There is something about Best Coast’s debut album Crazy for You that makes people go, well, crazy. To date, the album has garnered overwhelmingly positive reviews from indie media outlets, and everyone from Bill Murray to Thurston Moore (of Sonic Youth fame) is a fan. Given the preponderance of Best Coast coverage on NPR, your parents might even be fans. Sure, Best Coast might just be another buzz band in the grand scheme of things, but right now, they’re adored by almost everyone.
But why? What is it, exactly, that makes Crazy for You such a popular and critically-acclaimed album?
There’s an easy answer to that, really. Crazy for You is a catchy, simple pop album. To wit: the harmonies are saccharine-sweet. The lyrics are extremely simple and relatable. There is a ‘60s surf rock vibe running through the album, making the listener want to run to the California coastline for a quick tan—or perhaps break out their copy of The Beach Boys’ Pet Sounds, either way.
If there is a common factor in every positive review of this album, it’s the sunny, Californian sound, which has been universally hailed as irresistible and catchy. Critics are so enamored of this quality, in fact, that they nonchalantly make excuses for the album’s transgressions. It’s worrying, for example, that frontwoman Bethany Cosentino’s lyrics receive so much praise for being “straightforward.” Cosentino likens herself to a lyricist circa 1966, not having a care in the world except for sunshine, pot, and love. The words “love,” “miss,” “want,” “weed,” “phone,” and “lazy” run across your eardrums so often, you become certain that you’re listening to some sort of hippie’s hymn. However, rather than emulating simple, doo-wop Supremes-esque lovelorn lyricism, Cosentino comes across as asinine. She laments in her best Liz Phair vocals on “Goodbye”: “Nothing makes me happy / not even TV or a bunch of weed,” evoking not the teenage innocence of yesteryear, but rather the indolence and unpleasantness of your neighborhood high school burnouts.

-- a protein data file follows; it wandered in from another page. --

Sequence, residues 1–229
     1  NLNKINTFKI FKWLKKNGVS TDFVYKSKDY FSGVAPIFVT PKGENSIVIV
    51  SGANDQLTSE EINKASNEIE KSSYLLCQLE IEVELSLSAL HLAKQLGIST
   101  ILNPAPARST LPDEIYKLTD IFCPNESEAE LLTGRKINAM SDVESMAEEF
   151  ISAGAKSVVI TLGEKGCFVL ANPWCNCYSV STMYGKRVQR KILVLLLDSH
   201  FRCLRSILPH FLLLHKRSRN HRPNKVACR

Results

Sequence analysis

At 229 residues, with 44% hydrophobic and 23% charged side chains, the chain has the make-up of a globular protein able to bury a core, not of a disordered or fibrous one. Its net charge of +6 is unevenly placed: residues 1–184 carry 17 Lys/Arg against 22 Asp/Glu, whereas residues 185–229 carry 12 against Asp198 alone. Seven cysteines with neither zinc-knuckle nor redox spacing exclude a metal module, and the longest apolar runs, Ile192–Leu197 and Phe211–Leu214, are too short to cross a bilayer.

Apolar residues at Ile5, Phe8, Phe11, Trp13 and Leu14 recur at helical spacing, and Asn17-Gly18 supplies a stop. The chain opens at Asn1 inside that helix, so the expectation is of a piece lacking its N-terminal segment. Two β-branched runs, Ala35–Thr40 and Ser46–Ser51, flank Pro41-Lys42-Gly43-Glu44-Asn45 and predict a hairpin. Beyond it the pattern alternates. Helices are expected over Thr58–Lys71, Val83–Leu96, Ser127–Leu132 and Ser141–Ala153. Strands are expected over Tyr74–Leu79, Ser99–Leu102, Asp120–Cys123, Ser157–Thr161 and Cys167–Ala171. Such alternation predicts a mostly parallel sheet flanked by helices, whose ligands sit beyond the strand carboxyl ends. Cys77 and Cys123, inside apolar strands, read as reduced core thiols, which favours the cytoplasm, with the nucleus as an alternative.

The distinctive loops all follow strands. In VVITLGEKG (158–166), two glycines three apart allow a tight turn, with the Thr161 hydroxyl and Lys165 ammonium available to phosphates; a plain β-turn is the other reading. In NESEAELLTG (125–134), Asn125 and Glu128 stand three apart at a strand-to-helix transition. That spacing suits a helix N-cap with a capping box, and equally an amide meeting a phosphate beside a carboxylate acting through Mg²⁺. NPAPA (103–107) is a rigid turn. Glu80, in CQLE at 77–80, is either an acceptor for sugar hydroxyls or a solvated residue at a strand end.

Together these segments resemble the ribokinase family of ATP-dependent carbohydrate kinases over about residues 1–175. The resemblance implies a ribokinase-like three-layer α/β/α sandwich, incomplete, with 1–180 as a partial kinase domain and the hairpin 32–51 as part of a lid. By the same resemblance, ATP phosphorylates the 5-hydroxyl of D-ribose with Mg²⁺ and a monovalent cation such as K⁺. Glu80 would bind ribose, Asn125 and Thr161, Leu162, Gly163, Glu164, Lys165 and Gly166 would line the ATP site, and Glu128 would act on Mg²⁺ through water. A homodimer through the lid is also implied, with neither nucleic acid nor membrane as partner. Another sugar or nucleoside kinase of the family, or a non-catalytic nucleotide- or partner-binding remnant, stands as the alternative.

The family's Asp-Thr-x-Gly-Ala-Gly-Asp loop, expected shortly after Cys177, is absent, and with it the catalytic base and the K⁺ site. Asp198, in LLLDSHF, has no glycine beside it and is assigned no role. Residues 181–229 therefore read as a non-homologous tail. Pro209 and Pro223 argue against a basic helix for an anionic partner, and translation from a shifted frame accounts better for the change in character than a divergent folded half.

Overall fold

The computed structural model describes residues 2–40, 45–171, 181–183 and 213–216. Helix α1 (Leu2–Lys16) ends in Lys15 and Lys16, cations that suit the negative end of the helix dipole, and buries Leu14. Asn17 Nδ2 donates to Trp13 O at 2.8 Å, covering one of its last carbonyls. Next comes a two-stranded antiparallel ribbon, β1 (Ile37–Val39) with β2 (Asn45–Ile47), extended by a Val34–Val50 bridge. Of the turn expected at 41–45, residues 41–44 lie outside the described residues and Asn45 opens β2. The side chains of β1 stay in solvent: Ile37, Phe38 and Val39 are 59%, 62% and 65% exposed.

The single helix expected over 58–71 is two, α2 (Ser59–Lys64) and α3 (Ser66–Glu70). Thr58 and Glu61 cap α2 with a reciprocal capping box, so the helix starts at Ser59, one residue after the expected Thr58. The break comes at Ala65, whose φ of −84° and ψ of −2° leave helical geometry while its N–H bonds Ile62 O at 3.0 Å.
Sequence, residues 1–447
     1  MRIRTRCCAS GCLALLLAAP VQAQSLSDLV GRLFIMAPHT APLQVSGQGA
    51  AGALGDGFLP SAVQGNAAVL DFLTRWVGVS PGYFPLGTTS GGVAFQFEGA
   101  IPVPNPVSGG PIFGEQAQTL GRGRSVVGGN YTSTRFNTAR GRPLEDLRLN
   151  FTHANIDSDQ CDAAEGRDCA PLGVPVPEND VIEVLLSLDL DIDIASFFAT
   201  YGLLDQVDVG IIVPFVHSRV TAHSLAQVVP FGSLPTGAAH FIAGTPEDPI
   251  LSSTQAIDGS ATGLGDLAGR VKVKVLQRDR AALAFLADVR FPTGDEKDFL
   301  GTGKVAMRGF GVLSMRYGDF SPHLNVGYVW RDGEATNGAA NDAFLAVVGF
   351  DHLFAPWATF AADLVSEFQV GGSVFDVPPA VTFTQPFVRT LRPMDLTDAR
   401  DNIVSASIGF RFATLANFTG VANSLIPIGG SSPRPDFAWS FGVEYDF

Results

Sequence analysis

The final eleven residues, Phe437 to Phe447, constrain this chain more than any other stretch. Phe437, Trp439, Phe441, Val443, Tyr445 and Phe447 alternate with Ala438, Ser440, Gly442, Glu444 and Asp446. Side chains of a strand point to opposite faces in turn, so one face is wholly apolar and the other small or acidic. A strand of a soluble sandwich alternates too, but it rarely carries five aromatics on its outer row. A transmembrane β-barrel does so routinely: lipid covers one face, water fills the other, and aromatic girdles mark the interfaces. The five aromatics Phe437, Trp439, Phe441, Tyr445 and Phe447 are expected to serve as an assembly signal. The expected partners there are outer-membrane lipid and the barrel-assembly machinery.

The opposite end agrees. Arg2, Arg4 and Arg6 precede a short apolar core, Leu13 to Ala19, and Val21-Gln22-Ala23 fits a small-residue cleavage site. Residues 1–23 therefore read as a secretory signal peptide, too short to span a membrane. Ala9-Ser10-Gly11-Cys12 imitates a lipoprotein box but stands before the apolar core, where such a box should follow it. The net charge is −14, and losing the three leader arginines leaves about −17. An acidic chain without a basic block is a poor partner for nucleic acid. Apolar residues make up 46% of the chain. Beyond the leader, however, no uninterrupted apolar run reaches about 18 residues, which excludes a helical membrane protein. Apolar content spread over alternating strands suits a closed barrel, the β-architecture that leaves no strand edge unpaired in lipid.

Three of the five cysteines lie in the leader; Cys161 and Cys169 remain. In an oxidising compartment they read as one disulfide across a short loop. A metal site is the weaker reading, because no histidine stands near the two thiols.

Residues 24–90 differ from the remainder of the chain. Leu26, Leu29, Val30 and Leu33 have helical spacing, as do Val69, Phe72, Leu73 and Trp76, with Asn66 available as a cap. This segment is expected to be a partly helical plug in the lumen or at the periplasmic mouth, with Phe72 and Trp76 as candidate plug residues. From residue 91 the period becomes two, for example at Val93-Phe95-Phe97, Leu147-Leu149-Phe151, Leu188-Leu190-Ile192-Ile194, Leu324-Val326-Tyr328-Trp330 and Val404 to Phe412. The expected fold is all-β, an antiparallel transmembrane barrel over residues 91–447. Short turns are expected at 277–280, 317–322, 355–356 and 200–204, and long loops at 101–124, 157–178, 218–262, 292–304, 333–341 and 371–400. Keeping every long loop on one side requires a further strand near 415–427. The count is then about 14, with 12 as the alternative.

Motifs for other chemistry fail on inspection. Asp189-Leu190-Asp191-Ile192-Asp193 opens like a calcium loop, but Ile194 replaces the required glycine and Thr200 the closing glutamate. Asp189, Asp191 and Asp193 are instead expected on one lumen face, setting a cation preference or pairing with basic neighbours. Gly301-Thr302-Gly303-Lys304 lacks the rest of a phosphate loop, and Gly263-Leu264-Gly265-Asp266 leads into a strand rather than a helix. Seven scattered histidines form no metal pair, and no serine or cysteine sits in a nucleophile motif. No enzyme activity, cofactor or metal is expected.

Cosentino’s partner in Best Coast, Bobb Bruno, is responsible for the band’s sound: the jangly, lo-fi guitars, drums that span from early ‘60s R&B rhythms all the way to punk, and far-off vocals that seem forever in reverie. The band is acknowledged as an update to the Jesus and Mary Chain, and this is a legitimate assessment. But Best Coast is just that—a cheap rendition of bands that already did it before and, frankly, better. Even the Jesus and Mary Chain borrowed from the Ronettes, making Crazy for You a derivative of a derivative. The psych-pop and surf rock motif has become stale in modern-day indie rock, and the complacency—nay, acceptance of this trend is borderline alarming. Cosentino knows she’s not bringing anything new to music, but her debut isn’t even interesting enough to demand your attention and differentiate Best Coast from hundreds of bands doing the same thing. To the album’s credit, Bruno occasionally livens up the lethargy and contributes something approaching original, adding some punk energy to a few songs, such as the last few moments of “I Want To”. It flashes, giving a glimmer of hope, but sadly, it leaves almost as fast as it came, burning out with the burnouts.
Granted, given the fact that Crazy for You blends these insipid lyrics and trite, overused musical tricks, perhaps you could argue that Best Coast does give us something relatively uncommon in indie rock. Indie, by default, is supposed to be a brainy, bookish genre, not averse to delivering simple pop melodies, yet maintaining a smart sensibility. Cosentino has mentioned that she wanted Best Coast to be more straightforward than most indie rock bands, and she succeeded there. Perhaps an indie band that rips off ‘60s pop, shying away from lofty lyrics in favor of vapid teenage journal entries, could be considered a new and refreshing thing—who knows? But now, they have amassed a following, all from people who (content with their own hypocrisy and incongruity) have abandoned their ideology for the sake of happy-go-lucky songs about getting high with cats. Maybe indie really is dead.